Why bother editing a blog post? After all, it’s ONLY a blog!

Posted June 17, 2015 | Laura Christianson

Aspiring authors make lots of assumptions about the book publishing industry.

My book is so great that I’ll get offered a contract bigger than J.K Rowling’s.

My book will surely become an instant best-seller. I’ll win truckloads of awards and will retire in style in [fill in the name of your favorite tropical location].

Rachel Kent’s article on the Books & Such Literary Management blog addresses these assumptions. One of Rachel’s items struck a chord with me:

My book is so good I don’t need to follow the rules.

Rachel responds:

“Refusing to follow submission guidelines because you think your book is so amazing is a quick way to get rejected. Your book might be that good, but working with someone who can’t follow the rules isn’t appealing to agents. How can we promote you to publishing houses knowing that you might be difficult for them to work with?”

This same principle applies to bloggers who hope to connect with readers who will (eventually) buy their book, product, or service.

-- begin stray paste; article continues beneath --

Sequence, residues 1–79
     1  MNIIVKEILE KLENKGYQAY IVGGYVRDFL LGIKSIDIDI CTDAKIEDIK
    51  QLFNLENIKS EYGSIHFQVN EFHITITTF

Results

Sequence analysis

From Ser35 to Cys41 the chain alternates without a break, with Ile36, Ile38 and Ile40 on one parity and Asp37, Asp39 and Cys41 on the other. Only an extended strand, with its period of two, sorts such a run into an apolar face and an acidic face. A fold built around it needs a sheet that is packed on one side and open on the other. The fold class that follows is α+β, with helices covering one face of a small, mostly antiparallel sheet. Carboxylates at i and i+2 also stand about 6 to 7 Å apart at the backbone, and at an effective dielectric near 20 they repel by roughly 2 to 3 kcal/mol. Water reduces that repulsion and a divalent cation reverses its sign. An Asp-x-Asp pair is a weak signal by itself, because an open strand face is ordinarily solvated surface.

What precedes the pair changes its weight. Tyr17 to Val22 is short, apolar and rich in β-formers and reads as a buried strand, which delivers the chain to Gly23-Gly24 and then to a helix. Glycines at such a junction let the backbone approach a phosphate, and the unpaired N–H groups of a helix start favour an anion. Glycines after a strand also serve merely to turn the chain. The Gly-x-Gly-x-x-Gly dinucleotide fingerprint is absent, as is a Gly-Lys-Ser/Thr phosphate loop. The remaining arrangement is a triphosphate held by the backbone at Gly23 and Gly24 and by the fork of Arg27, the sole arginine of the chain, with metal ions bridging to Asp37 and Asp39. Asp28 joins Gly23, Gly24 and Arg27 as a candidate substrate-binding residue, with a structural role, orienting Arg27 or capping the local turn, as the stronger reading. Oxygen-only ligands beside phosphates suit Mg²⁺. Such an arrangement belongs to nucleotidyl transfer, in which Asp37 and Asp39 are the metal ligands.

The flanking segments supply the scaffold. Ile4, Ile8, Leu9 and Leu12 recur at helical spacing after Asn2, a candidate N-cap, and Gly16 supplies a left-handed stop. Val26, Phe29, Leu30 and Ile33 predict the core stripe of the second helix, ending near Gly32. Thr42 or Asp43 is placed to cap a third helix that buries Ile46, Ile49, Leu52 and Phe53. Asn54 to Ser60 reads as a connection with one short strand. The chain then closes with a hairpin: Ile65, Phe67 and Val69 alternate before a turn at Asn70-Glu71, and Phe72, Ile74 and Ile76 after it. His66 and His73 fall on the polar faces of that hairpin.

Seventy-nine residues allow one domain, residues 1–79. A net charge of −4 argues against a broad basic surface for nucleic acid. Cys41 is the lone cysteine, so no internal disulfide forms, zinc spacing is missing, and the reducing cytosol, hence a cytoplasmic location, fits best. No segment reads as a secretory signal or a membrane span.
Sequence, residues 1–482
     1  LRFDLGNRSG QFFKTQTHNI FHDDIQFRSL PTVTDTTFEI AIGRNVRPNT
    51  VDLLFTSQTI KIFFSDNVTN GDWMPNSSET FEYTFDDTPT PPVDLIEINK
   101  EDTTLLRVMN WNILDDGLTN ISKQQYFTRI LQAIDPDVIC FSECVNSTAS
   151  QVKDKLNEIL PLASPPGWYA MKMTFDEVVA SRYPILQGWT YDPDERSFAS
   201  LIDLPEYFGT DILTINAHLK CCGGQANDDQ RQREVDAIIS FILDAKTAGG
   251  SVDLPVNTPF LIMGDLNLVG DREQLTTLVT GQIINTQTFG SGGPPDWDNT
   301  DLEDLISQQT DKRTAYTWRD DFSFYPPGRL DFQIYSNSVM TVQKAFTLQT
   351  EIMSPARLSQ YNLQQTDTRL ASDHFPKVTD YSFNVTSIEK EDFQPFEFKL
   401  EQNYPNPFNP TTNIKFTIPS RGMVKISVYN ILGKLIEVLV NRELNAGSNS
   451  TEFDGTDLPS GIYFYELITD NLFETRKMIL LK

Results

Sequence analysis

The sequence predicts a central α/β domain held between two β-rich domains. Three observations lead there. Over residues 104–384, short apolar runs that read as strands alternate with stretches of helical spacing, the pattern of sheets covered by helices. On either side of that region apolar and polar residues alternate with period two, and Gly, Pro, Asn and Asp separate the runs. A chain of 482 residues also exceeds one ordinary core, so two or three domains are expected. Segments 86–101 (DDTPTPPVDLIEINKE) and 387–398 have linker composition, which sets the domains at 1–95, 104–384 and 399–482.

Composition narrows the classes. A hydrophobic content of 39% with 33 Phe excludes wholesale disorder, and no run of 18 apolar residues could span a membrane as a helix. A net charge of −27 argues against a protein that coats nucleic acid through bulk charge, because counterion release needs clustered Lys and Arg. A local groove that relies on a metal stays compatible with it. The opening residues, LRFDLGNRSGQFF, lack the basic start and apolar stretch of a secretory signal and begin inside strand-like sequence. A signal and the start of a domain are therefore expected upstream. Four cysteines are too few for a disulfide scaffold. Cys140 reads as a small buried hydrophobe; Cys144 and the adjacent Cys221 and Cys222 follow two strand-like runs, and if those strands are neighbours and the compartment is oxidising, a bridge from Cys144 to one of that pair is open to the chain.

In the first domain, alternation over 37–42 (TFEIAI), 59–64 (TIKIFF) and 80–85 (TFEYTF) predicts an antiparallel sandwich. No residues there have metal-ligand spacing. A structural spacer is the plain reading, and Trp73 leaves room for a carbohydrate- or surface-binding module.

Case in point:

An aspiring author (who struggles to write a coherent sentence) was affronted when I suggested that it might be a good idea to seek a little editing help.

“Why do I need to edit my blog posts? It’s JUST a blog.”

Ahem. (Excuse me for a second while I leap atop my soapbox.)

While some people view blogs as the lowliest of publications – mentally ranking blogs below books, magazines, newspapers, and even Facebook – blogs are a valid type of publication.

Most agents and editors I know won’t even look at an unpublished writer unless the writer can show evidence of a strong, loyal following. There are myriad ways to develop a following: public speaking, forming strategic partnerships, podcasting, having an “America’s funniest home video” go viral. And blogging.

Strategic blogging, on a theme your readers are interested in.

Helpful blogging, in which you give generously of yourself, without expecting anything in return.

Professional blogging. I’m not talking about getting paid to write blog posts, but rather, crafting articles to the best of your ability and representing yourself professionally on your blog.